EJM - Europäisches Journal für MinderheitenfragenAusgabe 1 / 2015
Rund ein Siebtel der europäischen Bevölkerung gehört zu den etwa 340 Minderheiten mit rund einem Drittel der 90 Europäischen Sprachen. Die Auflösungsprozesse Jugoslawiens erwiesen nachdrücklich, daß der Schutz dieser Minderheiten zu den Fragen gehört, die über Krieg oder Frieden entscheiden können. Seither stehen Minderheitenfragen wieder auf der Agenda der internationalen Staatengemeinschaft. Das peer-reviewte Europäische Journal für Minderheitenfragen (EJM) wurde 2008 gegründet. Die interdisziplinäre Fachzeitschrift diskutiert Fragen der Wahrung und Entwicklung ihrer sprachlich-kulturellen Existenz und leistet Identität und Beiträge zur politischen Entscheidungsfindungen.
The principle of nationalism by which the political and the national is to
be congruent can have a significant influence on the making of autonomy regimes.
Likewise, the devolution of competences over language and education allows for
the shaping of identities within such autonomy regimes. The result is an imperfect
circular relation in which language, society and political institutions mutually
and continuously shape each other: linguistic diversity influences the design of
autonomy arrangements and vice-versa. Territorial and non-territorial autonomy
have, however, different consequences. In this article the author reviews through a
comparative approach how matters of linguistic diversity – including minority language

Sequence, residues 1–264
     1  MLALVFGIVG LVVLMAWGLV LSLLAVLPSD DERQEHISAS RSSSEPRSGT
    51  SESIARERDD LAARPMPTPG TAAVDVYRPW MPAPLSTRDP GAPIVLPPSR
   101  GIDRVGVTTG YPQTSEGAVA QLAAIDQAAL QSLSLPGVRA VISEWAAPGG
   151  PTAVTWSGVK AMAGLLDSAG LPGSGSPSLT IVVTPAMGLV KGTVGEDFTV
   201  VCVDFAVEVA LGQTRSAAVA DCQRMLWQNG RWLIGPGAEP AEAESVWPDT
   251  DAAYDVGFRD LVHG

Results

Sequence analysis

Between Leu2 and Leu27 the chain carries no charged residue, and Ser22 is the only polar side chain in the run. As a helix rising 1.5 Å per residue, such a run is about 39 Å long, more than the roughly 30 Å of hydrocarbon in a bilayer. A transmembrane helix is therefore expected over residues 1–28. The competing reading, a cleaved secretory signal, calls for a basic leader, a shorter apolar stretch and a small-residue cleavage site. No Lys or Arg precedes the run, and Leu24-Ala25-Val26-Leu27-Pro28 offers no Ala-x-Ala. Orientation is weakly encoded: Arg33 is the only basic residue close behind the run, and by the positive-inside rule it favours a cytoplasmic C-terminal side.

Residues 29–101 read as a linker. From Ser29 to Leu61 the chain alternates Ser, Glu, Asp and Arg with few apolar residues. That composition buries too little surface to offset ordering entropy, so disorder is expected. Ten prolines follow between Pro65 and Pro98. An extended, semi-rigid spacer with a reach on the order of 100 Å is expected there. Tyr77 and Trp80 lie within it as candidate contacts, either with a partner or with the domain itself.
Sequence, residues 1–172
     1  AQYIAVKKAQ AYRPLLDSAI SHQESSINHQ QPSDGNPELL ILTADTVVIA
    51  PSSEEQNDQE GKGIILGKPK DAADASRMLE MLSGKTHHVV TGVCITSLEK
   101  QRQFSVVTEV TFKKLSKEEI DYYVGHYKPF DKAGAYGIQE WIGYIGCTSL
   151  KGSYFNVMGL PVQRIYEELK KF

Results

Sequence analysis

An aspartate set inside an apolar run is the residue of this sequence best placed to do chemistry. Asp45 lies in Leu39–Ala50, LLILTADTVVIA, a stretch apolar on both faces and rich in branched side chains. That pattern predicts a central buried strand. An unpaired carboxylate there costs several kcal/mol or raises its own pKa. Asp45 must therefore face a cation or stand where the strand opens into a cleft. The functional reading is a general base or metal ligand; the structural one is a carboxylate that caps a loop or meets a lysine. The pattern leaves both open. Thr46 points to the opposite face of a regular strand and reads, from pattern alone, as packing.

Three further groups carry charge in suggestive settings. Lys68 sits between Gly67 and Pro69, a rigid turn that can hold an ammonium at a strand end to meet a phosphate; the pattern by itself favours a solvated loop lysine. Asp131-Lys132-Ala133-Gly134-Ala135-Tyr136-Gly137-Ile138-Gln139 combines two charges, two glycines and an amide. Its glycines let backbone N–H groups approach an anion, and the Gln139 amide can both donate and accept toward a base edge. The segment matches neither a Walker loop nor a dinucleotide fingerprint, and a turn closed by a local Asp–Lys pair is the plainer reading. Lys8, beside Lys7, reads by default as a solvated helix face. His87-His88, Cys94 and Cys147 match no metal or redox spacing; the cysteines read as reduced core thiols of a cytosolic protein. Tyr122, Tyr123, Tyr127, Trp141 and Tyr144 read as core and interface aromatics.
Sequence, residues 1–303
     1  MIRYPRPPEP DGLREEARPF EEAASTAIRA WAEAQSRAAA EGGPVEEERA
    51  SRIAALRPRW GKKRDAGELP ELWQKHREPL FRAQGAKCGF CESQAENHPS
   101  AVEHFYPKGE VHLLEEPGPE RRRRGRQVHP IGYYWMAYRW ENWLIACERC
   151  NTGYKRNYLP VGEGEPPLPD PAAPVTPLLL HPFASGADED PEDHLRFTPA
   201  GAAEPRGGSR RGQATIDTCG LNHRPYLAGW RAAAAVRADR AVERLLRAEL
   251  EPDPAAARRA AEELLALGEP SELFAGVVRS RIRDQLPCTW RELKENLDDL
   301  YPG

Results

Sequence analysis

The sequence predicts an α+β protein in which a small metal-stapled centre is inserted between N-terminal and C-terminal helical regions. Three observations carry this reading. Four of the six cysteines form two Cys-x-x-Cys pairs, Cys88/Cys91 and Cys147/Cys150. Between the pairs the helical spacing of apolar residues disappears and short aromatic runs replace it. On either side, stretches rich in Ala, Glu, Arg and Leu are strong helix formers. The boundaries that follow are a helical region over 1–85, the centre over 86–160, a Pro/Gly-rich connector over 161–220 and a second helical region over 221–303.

education and language standardisation – are managed differently through
the various forms of territorial (legislative and administrative) and non-territorial
autonomy (national cultural autonomy and functional autonomy). To do so, the author
draws on concrete examples involving minority languages in Spain (territorial
legislative autonomy) and in Serbia (national cultural autonomy). Furthermore, the
potential consequences of territorial and non-territorial models will be explored
by imagining two counterfactual scenarios: a non-territorial arrangement in Catalonia
and a territorial one in Serbia.
The Irish language has three main spoken dialects and a single standardised
written form. The recommendations of An Caighdeán Oifigiúil, the official
standard, published in 1945, and the subsequent guide to Irish grammar and
spelling, Gramadach na Gaeilge agus Litriú na Gaeilge, published in 1958, were broadly
accepted by the Irish language community. In 2012, a revised standard (the question
of whether this is a “revised standard” or a “new standard” is disputed by
critics) was published and a process of consultation is in progress. The most recent
census of population in the Republic of Ireland (2011) shows a growing number
of Irish speakers. The number of Irish language medium schools located outside
the traditional Irish-speaking areas continues to increase. Legislation has raised
the status of the language nationally and internationally. This article discusses the
background to Irish language standardisation, the debate it generated and how
standardisation has facilitated a number of positive developments in the language
in recent years.
Against the background of current political developments in Romania,
two closely connected general problem areas of the social situation and conflicts
within this country will first of all be gone into in detail: that of minorities and
of the events of emigration, along with the latter’s repercussions and resulting
problems. In a second step, this problem area is then gone into in greater depth
by reaching somewhat further back in time using the examples of the question of
collective identity and of the resettlement process of the Germans from Romania.
The broad reaching effects of this entire process are also examined. Finally, it
remains to be stressed that the further development of the problem area of minorities
and migration within the European context appears to be of substantial
relevance for the modernization processes that are currently taking place in this
Southeastern European country.
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